Today's poem is by Emmanuel Moses (translated by Marilyn Hacker)

Mr. Nobody Speaks to His Voice

Voice, you sprouted like a shrub
year after year:
I remember your first fragility,
touching frailty they'd do anything to protect
then the sudden, succeeding roughness
with a vigor no one would have thought you had.
Where was the foliage of your songs and cries?
You were naked then as those black skeletons lined up on winter roads
between snow-covered fields.
When you cradled infant ears and the exquisite ones of the beloved
bringing sleep to one and the other
it seemed you had reached your golden age
which, like the poets, you thought would never end.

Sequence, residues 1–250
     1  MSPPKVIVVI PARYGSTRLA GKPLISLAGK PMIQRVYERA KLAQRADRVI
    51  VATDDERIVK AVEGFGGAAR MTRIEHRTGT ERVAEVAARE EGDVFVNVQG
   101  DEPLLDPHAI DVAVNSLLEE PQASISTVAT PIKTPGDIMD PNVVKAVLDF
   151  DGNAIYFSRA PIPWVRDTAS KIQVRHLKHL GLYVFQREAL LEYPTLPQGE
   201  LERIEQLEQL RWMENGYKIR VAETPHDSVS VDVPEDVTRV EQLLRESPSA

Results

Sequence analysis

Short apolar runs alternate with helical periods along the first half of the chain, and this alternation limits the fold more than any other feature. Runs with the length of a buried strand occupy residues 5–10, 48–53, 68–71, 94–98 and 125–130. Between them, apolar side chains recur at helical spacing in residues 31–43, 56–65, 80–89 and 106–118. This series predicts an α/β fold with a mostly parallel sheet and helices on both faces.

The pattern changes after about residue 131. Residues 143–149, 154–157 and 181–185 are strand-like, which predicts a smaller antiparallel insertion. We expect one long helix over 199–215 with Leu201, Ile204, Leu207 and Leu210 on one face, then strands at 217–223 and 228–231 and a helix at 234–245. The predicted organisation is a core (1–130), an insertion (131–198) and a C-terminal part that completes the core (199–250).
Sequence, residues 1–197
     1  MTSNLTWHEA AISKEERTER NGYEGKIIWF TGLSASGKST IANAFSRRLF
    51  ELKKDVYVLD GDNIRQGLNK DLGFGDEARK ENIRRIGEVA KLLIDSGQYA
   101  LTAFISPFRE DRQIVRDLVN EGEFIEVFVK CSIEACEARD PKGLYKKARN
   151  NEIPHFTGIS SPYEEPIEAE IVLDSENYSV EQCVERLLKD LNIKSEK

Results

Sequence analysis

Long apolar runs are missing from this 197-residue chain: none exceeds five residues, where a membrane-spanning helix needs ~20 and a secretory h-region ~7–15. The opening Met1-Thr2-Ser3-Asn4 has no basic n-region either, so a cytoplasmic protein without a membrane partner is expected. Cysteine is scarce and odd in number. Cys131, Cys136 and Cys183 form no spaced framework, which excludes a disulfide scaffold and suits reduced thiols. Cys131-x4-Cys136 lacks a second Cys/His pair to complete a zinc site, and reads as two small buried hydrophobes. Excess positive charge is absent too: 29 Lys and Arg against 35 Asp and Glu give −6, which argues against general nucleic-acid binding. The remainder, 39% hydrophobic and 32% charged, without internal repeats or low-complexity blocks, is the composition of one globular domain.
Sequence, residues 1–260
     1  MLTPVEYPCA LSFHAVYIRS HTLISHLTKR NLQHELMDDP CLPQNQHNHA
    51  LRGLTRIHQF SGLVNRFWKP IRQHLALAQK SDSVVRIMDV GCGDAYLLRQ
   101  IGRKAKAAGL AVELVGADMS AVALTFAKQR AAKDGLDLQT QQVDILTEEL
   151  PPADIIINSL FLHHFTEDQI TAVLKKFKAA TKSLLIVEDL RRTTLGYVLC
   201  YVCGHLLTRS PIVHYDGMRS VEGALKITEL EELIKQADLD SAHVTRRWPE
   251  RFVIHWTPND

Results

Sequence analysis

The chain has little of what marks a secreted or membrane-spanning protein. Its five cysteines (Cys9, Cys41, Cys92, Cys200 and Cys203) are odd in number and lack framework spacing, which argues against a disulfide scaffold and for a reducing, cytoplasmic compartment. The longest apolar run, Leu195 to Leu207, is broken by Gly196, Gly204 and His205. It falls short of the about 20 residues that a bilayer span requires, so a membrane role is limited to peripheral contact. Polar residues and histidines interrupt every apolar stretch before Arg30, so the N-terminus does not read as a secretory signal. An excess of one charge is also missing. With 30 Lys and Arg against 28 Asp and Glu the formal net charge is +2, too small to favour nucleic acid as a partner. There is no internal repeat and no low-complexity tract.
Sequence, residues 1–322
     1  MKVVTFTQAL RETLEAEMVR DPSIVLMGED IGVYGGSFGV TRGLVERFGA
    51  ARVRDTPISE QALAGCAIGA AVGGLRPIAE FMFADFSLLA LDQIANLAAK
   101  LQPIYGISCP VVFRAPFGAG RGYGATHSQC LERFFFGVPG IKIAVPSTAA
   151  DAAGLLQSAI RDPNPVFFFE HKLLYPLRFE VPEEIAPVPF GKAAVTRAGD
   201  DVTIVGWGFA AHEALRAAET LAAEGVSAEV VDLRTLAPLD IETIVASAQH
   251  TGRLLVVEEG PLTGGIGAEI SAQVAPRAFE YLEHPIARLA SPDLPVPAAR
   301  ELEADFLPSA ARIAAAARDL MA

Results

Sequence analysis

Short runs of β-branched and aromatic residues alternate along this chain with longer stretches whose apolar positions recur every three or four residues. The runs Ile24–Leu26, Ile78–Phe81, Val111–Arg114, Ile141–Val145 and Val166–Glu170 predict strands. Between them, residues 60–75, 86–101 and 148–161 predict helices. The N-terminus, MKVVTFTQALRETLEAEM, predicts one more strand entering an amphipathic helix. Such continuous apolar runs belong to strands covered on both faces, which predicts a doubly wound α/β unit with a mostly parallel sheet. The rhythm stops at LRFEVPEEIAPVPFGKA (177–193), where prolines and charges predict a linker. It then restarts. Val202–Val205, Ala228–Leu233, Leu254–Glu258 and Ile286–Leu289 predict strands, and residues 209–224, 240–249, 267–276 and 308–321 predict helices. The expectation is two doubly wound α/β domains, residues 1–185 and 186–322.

But soon noises still unknown to you, pleas, moans, sighs
glided into you like hands into someone else's gloves.
As well as you could, you put up with them, you claimed them,
they became your attributes, your weapons,
and other women murmured that you were gentle
in the night after love's long commotion.
When the time comes when you tremble like a string
that has shot its arrow towards the target,
when you are chipped, crumbled, broken,
when you caw, croak pitifully,
console yourself, tell yourself that at the end of the cold, dark corridor
shines your immortal soul: silence.

Copyright © 2009 Emmanuel Moses (translated by Marilyn Hacker) All rights reserved
from He and I
Oberlin College Press
Reprinted by Verse Daily® with permission

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